Atlantic Coastal Diver - August, 1981

-by Nick Griffin

A Dive Business Profile - Alan M. Baskin

His excitement and enthusiasm for diving is contagious. Just talking to Alan Baskin for a few minutes is enough to bring on feelings of euphoria about diving. It comes from being around someone who is genuinely happy with himself and what he's doing. After spending the better portion of a 5 day stay in Haiti, both formally interviewing and just plain talking with Alan Baskin, the complexity of his life unfolded.

Alan has a favorite statement: "RIGHT NOW I'M HAVING THE BEST TIME OF MY LIFE!" The best part is that he's serious when he says it. He's probably done more things and been successful in more occupations than most people you'll ever get to meet. He's actively chosen the direction he's taken with his life, he's delighted with its outcome, and he wants you to know it.

How did Alan's present course get set? As he describes it, "In 1949, while a student at the University of Miami, I did my first dive off Miami Beach at 17th and Collins. I'd managed to put together a rig using an Air Force surplus oxygen mask and a Kidde fire extinguisher bottle. It was the first time I'd been able to do anything other than free diving, with one of the first masks in the States, because up until that time there were goggles. It was like WOW!! Love at first dive!"

After college, Alan's first job took him to Paris with CBS News. From there CBS moved him to California as a writer of shows including "Let's Pretend" and "Sam Spade." Leaving that behind, Alan formed his own film production company in Hollywood, which he operated until he decided to go into the baby formula business a couple of years later. Through the changes he never lost his love for diving.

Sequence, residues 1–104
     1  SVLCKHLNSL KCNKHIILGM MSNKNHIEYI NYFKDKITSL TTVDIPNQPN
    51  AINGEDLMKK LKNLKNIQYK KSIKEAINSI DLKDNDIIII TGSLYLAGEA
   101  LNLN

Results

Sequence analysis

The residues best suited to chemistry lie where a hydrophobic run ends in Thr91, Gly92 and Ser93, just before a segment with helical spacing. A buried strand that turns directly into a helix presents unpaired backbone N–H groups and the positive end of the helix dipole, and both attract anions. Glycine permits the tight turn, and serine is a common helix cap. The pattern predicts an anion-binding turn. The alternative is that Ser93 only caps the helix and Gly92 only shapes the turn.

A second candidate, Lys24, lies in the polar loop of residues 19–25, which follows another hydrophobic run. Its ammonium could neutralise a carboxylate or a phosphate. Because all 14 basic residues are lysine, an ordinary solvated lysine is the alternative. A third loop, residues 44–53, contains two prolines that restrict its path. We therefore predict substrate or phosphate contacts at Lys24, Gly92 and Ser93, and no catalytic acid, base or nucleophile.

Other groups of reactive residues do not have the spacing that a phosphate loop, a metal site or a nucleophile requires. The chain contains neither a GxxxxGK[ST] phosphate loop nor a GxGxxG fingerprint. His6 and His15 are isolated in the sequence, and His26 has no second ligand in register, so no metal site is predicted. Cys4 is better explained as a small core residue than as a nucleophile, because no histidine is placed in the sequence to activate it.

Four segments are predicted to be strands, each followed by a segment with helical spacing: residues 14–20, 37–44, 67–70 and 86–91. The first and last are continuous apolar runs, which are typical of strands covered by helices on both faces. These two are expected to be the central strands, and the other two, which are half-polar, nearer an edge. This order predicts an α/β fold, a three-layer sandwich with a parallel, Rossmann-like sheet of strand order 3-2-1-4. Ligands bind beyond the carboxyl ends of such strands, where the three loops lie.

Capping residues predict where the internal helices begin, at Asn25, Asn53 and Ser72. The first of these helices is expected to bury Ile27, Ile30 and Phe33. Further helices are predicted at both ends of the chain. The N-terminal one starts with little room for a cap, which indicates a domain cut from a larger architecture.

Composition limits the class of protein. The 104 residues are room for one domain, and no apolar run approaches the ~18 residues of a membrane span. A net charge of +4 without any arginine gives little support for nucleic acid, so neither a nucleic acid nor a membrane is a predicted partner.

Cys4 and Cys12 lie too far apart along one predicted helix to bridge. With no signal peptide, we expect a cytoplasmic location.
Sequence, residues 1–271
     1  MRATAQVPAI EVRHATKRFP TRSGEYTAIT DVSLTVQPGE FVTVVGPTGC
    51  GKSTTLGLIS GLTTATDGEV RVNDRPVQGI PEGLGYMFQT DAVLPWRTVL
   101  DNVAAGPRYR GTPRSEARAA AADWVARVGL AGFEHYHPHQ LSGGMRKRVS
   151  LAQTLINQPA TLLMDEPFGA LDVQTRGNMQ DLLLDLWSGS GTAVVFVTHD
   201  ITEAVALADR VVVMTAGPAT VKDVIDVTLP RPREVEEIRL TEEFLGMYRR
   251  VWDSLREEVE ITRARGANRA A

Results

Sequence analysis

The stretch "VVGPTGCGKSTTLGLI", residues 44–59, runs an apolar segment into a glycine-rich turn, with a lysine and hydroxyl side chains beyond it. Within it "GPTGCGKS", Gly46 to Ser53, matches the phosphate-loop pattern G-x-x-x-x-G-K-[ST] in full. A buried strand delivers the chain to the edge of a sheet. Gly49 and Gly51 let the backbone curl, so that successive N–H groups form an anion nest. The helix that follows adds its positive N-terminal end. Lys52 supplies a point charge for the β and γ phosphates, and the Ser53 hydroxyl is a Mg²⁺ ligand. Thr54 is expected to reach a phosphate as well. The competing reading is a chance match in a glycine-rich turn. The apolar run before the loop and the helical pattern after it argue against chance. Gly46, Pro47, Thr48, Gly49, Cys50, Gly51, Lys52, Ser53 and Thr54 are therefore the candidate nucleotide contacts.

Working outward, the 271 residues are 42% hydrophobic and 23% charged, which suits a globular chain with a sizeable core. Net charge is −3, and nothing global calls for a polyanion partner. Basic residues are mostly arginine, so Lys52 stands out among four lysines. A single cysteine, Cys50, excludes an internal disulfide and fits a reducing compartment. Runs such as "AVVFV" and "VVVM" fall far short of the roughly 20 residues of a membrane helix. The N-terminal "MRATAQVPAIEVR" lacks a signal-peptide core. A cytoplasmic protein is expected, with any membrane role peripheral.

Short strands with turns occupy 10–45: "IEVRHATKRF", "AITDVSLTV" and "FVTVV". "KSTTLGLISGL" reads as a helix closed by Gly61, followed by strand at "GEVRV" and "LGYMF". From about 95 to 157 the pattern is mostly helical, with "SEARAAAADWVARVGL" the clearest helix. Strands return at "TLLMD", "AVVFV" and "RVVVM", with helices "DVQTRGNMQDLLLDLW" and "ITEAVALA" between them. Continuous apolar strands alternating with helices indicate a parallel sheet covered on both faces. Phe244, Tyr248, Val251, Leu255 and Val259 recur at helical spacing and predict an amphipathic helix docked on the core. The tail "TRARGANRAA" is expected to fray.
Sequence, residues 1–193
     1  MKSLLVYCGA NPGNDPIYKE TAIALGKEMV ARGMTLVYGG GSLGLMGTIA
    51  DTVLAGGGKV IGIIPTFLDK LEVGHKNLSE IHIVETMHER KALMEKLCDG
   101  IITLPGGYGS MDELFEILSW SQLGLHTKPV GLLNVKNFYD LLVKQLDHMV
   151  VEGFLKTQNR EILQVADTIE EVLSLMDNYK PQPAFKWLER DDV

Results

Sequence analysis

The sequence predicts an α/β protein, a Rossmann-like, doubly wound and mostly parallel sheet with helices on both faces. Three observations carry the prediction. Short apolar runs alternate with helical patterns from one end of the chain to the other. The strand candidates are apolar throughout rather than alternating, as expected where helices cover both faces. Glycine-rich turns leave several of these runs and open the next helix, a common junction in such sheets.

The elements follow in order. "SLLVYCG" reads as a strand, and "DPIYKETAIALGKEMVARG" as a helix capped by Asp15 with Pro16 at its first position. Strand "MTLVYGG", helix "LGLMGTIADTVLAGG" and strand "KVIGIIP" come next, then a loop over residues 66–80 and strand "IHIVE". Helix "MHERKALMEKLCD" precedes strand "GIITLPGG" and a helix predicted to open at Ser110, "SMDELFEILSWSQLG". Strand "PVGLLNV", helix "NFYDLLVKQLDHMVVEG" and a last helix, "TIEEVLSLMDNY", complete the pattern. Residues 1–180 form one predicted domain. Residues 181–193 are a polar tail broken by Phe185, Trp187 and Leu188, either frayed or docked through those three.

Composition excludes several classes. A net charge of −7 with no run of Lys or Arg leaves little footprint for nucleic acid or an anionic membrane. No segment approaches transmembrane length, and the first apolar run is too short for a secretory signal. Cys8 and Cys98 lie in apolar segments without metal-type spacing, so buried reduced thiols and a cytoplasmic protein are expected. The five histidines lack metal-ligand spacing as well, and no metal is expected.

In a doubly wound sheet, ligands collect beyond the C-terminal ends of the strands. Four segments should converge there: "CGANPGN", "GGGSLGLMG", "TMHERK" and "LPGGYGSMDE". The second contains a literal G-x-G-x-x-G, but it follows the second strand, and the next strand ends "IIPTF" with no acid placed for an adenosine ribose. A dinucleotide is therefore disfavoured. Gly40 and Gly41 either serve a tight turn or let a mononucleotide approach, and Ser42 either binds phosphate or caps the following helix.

As the baby boom boomed, so did the baby formula business. Alan created the first manufacturing concern of its kind, and it ultimately skyrocketed him into the position of running a nationwide network of 11 plants headquartered from his Chicago offices. This is where most stories would end "happily ever after." But Alan describes his life at that point as needing more.

"Every year I planned a big dive trip. The Bahamas, Caribbean, Red Sea, Indian Ocean, Central America... I could afford to go anyplace I wanted. The best time of the year became the time I went diving. Finally, I realized that I spent 11 1/2 months of looking forward to something instead of doing it! I figured that I had it backwards. I should figure out a way to go diving 11 1/2 months a year!" So in 1969 Alan got out of the baby formula business and opened a dive and charter business in Granada, a Windward island in the Southeastern part of the Caribbean.

Alan spent a very pleasant 3 1/2 years on Granada. Unfortunately, this wasn't meant to be the "happy ending" either. "The political situation went down the drain and everybody left Granada..." including Alan who had managed to sell his dive and charter business to someone less visionary about Granada's immediate future.

Not wanting to see politics get in the way again, Alan began a 9 month survey of the Caribbean using Miami as his home base. After seeing "virtually every place there was to dive in the Caribbean" Alan set up shop in a large hotel in the Dominican Republic. That hotel's purchase by Club Med brought on Alan's last move to Haiti.

Presently, Baskin in the Sun operates dive shops and services from 3 separate hotels on Haiti, including Ibo Beach where our visit took place. In May of this year, the business expanded operations into the Turks and Caicos Islands and opened in the Island Princess Hotel on Providenciales. I was told that there is even some consideration being given to a Baskin in the Sun operation in the Indian Ocean. Judging from the size of Alan's organization, it seems he's bringing to diving some of his flare for big business.

What it all gets down to is attitude. Alan knew that diving made him happy so he made the career decision to be happy all the time. His excitement over the way he makes his living still shows, and it rubs off. He feels good so his guests feel good; and instead of one-time visitors they become return customers. Combine these "good vibes" with the fact that Alan shows his guests truly spectacular and virginal diving and the continued growth of Baskin in the Sun seems assured.

Alan's message for those of us who are really addicted to diving is simple: "If there's something that really turns you on, something you think you'd like to do all the time, figure out a way to do it as your livelihood." Obviously it's worked for Alan Baskin.

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